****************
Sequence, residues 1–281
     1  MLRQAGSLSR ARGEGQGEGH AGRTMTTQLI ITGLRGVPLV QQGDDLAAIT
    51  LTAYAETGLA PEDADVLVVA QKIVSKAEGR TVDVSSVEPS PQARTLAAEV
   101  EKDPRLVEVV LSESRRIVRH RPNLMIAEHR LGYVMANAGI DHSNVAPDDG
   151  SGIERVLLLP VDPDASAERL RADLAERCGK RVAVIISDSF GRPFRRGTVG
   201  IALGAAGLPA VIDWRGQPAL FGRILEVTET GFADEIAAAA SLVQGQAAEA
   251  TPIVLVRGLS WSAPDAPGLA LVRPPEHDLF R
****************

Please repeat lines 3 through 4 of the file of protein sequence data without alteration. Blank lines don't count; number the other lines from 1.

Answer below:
    51  LTAYAETGLA PEDADVLVVA QKIVSKAEGR TVDVSSVEPS PQARTLAAEV
   101  EKDPRLVEVV LSESRRIVRH RPNLMIAEHR LGYVMANAGI DHSNVAPDDG